Death by a Thousand Swipes


Surprised it’s not made in China.

Humans are incredibly adaptable creatures, especially when it comes to money.  If we only have a little bit, we can make do and find ways to survive.  The median household income in the United States is about $51,000.  For those in the upper class, it is almost unimaginable to be able to live on that type of income.  But it is being done by thousands of families all over the country, even if they may be living on the edge financially (paycheck to paycheck).

On the other end of the spectrum, you have athletes and celebrities who make millions upon millions of dollars and still manage to lose it all when the money stops rolling in.  While most people won’t weep at someone who blew millions of dollars, they can have the same condition as a family living on median household income: putting themselves on the financial edge by living a paycheck to paycheck lifestyle.

 Self Inflicted Wounds

So what does death by a thousand swipes have to do with anything?  Death by a thousand cuts refers to a particularly gruesome form of capital punishment practiced in ancient China.  The convicted criminal would be tied to a wooden stake and would have numerous small cuts inflicted upon them until they died.  It was a form of torture/execution that was eventually banned.

Death by a thousand swipes then is when someone slowly and methodically destroys their finances by making many little purchases that add up to their financial demise.  Making one or two purchases doesn’t result in anything serious, but they build up and can eventually kill your financial life.

(Tangent:  With all this new financial technology coming out, what if there was an app that would shock a person every time they swiped their credit card?  I think a cut for each swipe may be a little too much.  But that would definitely keep people from overspending!)

While not as sadistic as the literal from of torture, death by a thousand swipes is equally deadly on your finances.  And it can afflict everybody from the average family of four to the million dollar athlete (Vin Baker for instance).  It can be something as simple as eating out way too much or having one too many Ferraris in the driveway.

The Cure

Financial death by a thousand swipes has a pretty easy fix.  It’s a 2 step process that sounds easy but takes discipline and some life hacking to pull off.

First step is to let the cuts you already have heal up.  This means that you acknowledge that you made some possibly dumb purchases, but you’re not going to make them anymore.  And you might have to trick yourself into doing this.  If your major vice is grabbing coffee twice a day from the local coffee shop on your way to work, take a different route to work.  Overspending is literally an addiction, and after a few days of withdrawal, you should be able to control it.  Whatever it takes to keep you from making those unnecessary purchases and dying a slow and painful financial death.

After you wean yourself off of the mindless spending, the second step is easy.  And that is to pay yourself first and always.  Notice I didn’t say start a budget.  I have nothing against starting a budget, but if you automatically skim 10% of your take home pay off the top and put it in a savings or money market account, budgeting doesn’t become a big deal.  And since you hopefully ended your spending addiction in step 1, there is little chance you will spend more than you need to.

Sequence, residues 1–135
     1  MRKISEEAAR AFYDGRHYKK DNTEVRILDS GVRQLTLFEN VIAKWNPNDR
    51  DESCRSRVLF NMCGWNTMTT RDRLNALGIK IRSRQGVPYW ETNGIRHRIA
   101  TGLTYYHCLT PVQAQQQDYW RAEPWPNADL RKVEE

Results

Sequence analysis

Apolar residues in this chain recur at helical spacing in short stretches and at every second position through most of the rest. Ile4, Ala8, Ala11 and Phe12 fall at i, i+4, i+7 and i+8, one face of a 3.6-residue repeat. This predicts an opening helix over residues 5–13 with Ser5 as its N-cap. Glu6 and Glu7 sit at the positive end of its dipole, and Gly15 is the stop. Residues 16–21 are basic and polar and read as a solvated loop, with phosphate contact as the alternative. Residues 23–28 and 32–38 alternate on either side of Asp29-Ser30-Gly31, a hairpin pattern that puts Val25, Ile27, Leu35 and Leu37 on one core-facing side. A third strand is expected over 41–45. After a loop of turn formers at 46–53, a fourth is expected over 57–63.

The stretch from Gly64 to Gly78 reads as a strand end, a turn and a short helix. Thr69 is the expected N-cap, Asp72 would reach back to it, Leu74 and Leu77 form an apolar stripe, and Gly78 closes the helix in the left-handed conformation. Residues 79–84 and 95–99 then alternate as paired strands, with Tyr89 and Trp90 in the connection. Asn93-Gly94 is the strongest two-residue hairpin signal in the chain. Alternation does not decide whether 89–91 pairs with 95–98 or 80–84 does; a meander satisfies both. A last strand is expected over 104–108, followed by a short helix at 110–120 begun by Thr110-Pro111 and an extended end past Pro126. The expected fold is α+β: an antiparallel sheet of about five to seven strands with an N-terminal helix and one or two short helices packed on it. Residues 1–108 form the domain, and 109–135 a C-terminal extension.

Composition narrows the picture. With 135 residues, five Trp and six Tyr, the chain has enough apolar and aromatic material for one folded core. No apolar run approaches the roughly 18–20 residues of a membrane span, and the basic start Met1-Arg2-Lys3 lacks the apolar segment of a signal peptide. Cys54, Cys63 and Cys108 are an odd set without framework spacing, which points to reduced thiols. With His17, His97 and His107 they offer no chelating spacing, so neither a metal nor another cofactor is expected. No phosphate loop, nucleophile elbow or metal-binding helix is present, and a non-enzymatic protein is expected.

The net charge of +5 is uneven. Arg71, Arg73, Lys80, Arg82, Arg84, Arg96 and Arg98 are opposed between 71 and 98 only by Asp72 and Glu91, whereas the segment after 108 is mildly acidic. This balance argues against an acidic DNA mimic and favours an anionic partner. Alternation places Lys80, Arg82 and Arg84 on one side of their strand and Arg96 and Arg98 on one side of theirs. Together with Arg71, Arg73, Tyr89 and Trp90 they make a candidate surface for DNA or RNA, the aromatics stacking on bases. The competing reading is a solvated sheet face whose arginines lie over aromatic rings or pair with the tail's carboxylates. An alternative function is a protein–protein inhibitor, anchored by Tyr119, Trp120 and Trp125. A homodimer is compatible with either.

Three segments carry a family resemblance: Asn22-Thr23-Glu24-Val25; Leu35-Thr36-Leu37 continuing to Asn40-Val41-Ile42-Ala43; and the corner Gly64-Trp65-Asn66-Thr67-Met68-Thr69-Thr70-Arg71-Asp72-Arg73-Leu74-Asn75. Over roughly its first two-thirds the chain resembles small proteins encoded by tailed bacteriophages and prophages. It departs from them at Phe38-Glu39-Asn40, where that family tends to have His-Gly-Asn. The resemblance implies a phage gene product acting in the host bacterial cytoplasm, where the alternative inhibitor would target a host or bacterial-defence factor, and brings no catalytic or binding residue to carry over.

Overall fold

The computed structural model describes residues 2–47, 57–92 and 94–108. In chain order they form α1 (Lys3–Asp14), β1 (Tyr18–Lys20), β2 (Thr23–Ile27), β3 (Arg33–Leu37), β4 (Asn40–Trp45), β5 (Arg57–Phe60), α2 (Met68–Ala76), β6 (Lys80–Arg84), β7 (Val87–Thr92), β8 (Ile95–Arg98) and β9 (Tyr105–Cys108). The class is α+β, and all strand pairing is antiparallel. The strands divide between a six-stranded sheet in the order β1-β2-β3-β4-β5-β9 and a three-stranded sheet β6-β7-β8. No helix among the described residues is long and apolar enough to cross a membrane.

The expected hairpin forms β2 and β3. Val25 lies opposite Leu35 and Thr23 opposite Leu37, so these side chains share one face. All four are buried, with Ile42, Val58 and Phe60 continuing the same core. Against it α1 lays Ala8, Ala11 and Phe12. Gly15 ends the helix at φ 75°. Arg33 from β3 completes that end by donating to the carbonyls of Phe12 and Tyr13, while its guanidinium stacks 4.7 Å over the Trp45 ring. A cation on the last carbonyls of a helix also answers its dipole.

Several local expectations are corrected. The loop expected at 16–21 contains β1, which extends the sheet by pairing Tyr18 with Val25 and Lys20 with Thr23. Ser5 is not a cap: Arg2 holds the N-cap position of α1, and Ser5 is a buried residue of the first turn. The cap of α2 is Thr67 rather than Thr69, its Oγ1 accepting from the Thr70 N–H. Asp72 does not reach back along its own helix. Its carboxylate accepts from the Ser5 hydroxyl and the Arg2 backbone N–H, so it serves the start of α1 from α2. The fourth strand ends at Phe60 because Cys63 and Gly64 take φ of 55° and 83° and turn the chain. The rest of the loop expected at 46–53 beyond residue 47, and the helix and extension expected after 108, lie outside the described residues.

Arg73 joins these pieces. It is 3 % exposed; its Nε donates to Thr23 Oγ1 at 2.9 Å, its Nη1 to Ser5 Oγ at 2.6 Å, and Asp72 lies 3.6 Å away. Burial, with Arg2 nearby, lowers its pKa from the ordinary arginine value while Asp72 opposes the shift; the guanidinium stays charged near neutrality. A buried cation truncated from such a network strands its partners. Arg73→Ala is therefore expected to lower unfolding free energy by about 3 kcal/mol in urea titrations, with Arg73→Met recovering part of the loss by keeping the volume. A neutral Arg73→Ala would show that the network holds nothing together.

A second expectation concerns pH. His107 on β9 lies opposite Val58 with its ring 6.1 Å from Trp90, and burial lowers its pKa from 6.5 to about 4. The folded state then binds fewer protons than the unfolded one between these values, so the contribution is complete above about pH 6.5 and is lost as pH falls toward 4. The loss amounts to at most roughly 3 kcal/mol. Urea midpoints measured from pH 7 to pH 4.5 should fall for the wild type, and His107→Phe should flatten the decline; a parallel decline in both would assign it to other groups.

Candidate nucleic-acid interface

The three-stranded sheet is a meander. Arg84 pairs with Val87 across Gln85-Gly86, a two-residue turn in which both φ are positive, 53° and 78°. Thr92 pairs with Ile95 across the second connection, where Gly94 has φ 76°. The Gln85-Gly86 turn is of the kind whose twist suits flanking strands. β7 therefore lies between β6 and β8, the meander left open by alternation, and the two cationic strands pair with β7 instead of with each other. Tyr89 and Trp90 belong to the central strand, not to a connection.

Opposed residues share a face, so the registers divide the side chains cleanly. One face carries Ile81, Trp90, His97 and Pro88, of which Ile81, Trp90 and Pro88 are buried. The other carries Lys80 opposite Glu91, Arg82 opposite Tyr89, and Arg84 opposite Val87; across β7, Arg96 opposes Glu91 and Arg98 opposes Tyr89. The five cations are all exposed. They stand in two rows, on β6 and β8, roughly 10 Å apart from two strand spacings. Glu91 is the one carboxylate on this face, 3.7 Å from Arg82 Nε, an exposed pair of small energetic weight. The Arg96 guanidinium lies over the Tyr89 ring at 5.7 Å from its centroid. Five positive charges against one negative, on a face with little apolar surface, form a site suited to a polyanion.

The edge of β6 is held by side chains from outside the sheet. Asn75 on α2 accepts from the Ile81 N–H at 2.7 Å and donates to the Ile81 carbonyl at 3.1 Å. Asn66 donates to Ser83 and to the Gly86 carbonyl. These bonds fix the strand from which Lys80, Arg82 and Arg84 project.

With these two steps, conquering the sources of your unnecessary spending and paying yourself off the top, you can dig yourself out of the paycheck to paycheck lifestyle in no time.  This will open up opportunities to do things that can super charge your journey to financial independence such as paying off debt quickly or increasing your investment contributions.



  1. As odd as it may seem to someone who tracks finances, I think most people who do this don’t realize how much all the little stuff does add up. It was certainly surprising to us once we started paying attention.

    • Syed says

      Recognizing the problem is the first step to recovery, but is often the toughest.

  2. An accurate albeit gruesome comparison!

  3. I agree 100% that paying yourself first is essential. Sometimes side hustles can help with this, especially if you cut spending but are still living paycheck-to-paycheck and/or you don’t want to downgrade your lifestyle but want some extra cash coming in that can go straight to savings.

    • Syed says

      Paying yourself first also takes the emotional/psychological aspect out of the equation, which can help since we are emotional beings. A lot of times our worst enemy is our own selves.

  4. No doubt that it isn’t the one or two small purchases or mistakes, but the many poor choices made over long periods of time that kill you. Last year the wife and I tracked all of our expenditures for the entire year; it was quite the eye opener. While we had a pretty good idea where our money was going, this exercise provided a very detailed look and helped to establish what kind of income we will need in retirement to maintain our current lifestyle … and the requisite retirement portfolio.

    • Syed says

      Exactly, until you find out where your money is actually going, you’re making it really tough on yourself to set investment goals as well.


  1. […] In the same way, we need help when it comes to our finances.  That could mean we all need a financial adviser, but that’s not always the answer.  Sometimes we just need a family member to point out our spending addictions. […]

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